Lori McD's Reviews > The Mermaid in the Basement

The Mermaid in the Basement by Gilbert Morris
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Sep 29, 11

bookshelves: christian, cozy-mystery, easy-read, faith-spirituality, mystery, romance, series, victorian, british-lit, 2011_read
Read in September, 2011

The title was so intriguing, I couldn't help myself! This is the first book I've read by this author. I'm not certain if I'd like any of his other series, but I do like this one.

Lady Trent is no ordinary heroine. Yes, she's plucky and smart and independent. But she's also a scientist in her own right -- she can even perform autopsies! Yes, there is a "secret" that has made her keep her emotions in check, to the point of being icy to everyone but her beloved son, David. She is a rational woman. And she becomes the strength and sense for her family when her younger brother, Clive, is arrested and throw in jail for murdering the actress who publicly humiliated him just the night before.

Because the circumstantial evidence is so strong against him, Lady Trent decides to do her own investigating. Because her brother's alibi is only drunken memories of being in unsavory places with unsavory people, Lady Trent has to team up not only with someone who can protect her, but who can also navigate the seamier side of London. That man, of course, is very handsome. And an actor. And most surprisingly, a Christian man, who lives and breathes his faith.

Will these two people from such different worlds be able to find the evidence needed to prevent Clive from hanging? Will they find friendship or even love along the way? And if they do, how will they overcome their differences in backgrounds and faith, or lack of it?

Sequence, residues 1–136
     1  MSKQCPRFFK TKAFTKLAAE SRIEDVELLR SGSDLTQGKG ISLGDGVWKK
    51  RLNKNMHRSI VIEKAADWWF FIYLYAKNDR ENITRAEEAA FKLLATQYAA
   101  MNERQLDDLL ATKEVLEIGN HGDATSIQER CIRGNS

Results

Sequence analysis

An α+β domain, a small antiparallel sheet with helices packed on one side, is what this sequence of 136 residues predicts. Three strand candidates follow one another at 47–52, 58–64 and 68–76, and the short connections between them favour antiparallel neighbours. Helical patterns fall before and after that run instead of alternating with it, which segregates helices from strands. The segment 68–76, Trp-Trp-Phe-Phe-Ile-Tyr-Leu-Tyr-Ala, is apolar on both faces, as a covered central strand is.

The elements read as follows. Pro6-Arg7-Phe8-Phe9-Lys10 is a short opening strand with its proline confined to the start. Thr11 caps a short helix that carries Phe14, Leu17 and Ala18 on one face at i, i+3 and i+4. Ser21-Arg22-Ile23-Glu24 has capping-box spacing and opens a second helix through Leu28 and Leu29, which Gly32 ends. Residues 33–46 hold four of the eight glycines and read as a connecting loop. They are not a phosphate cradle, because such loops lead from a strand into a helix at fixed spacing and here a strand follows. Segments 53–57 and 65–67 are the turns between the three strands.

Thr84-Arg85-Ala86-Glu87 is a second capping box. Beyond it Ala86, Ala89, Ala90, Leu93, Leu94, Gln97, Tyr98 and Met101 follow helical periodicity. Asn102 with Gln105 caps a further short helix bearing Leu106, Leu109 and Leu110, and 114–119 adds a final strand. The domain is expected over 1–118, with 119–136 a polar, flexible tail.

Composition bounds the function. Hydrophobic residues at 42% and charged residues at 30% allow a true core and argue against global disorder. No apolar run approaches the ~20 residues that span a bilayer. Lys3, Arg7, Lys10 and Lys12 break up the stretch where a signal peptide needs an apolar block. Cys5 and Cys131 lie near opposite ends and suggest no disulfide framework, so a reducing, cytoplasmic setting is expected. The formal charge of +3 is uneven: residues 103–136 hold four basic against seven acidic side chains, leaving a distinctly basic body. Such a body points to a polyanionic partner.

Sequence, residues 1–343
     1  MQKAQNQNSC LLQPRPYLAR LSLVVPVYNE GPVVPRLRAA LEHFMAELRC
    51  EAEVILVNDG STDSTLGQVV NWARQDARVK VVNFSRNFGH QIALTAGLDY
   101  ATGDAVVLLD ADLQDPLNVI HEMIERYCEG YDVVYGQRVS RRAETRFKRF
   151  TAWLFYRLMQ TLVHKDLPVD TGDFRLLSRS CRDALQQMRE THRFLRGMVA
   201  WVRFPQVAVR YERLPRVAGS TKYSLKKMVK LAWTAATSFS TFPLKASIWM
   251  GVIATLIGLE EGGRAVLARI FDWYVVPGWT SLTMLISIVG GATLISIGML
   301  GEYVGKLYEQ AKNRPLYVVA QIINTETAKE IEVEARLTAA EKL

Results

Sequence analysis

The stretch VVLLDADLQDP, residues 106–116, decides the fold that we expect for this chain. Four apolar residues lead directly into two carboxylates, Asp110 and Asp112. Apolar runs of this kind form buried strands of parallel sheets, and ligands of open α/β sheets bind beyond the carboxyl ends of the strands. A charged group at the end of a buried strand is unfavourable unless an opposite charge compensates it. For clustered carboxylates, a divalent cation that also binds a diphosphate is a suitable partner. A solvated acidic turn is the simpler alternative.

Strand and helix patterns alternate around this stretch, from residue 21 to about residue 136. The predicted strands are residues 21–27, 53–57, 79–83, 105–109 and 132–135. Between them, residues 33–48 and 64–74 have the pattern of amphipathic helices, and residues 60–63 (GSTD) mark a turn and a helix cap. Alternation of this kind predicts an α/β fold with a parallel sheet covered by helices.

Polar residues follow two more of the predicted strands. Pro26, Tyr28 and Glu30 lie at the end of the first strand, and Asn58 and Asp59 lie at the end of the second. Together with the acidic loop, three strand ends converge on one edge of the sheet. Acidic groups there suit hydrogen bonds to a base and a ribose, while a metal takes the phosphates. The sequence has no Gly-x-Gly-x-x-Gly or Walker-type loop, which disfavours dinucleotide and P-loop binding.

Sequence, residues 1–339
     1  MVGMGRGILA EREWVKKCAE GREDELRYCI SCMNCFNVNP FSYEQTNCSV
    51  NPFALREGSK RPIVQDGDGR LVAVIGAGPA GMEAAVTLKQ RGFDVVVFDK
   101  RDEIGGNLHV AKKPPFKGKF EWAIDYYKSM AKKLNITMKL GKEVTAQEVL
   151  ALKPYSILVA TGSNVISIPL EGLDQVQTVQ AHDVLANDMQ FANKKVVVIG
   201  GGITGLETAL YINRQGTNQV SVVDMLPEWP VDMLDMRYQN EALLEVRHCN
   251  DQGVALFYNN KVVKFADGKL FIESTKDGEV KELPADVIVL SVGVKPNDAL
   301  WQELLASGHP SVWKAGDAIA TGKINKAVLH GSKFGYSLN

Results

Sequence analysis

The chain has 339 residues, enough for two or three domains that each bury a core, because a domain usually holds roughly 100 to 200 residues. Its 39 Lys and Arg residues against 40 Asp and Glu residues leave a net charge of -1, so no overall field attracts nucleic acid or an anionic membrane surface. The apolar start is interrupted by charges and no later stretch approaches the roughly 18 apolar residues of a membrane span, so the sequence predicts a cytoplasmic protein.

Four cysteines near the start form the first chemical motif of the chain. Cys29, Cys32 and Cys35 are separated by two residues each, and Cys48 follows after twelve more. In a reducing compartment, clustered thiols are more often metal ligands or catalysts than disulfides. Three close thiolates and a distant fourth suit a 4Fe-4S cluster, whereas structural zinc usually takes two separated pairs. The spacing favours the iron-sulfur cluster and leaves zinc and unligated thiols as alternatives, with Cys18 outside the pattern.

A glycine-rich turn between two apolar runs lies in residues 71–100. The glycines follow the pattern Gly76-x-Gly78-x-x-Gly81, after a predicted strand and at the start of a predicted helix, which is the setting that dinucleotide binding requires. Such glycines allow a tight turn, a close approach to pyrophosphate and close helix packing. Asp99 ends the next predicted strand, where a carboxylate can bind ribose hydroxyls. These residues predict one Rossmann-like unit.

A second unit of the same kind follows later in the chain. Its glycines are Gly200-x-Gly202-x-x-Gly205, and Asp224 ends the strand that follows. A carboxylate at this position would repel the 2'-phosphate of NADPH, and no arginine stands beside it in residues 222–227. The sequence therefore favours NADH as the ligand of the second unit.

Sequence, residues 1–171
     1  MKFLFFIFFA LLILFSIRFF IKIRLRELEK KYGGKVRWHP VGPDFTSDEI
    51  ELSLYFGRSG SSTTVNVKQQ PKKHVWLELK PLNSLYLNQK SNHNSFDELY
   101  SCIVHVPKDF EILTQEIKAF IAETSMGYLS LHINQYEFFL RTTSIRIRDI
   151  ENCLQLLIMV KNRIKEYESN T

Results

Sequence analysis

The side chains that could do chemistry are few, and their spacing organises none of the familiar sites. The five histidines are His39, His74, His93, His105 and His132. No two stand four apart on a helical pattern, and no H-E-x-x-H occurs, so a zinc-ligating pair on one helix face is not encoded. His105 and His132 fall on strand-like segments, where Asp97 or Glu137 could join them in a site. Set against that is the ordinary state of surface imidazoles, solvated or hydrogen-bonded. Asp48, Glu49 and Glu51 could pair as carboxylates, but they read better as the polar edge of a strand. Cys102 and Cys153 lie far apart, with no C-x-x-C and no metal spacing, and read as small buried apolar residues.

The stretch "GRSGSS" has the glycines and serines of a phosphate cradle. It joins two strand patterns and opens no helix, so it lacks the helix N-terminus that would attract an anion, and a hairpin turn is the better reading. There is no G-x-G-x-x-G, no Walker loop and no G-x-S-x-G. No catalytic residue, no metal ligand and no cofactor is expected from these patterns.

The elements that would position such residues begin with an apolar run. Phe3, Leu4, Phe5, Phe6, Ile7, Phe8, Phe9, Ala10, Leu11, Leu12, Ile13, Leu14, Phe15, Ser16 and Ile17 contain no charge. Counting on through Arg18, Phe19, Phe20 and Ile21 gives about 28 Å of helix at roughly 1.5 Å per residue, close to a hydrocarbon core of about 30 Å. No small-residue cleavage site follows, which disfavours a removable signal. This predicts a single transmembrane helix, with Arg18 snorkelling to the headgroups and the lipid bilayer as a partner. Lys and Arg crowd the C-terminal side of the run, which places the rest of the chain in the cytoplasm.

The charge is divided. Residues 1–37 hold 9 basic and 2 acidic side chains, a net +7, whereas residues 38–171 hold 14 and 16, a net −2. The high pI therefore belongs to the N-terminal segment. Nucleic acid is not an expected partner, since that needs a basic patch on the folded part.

I did enjoy the book, and I found the mystery to be well-written. The whodunnit seemed obvious to me in the last 1/3rd of the book, but it was played well, with plenty of red herrings.

As I was reading, it struck me that this book reminded me of The Lady Julia series by Deanna Raybourn. Or rather, a version of Lady Julia that integrates faith and Christianity. There are many similarities between the two stories and the two heroines.

What I wasn't so sure that I enjoyed is that the actor, Dylan, has such an easy faith, and yet he has no problem breaking and entering to find clues for Lady Trent -- and more than once! Dylan didn't hesitate, nor did he talk about feeling guilty or asking for forgiveness. That seemed odd to me for a character that is so obviously a man of God.

And I wondered at the characterizations of Lady Trent's family. Her father and mother seem so... out of it. They're virtually useless in solving or resolving the matter with Clive. I'd thought, at least, that her father (a noted scientist and doctor) would be able to provide an important clue.

I also see a very "American" sensibility in a Victorian book. The class boundaries are clearly crossed with associations, friendships, and romance. Love over-rules all....

But I'm intrigued enough to venture into Book #2.
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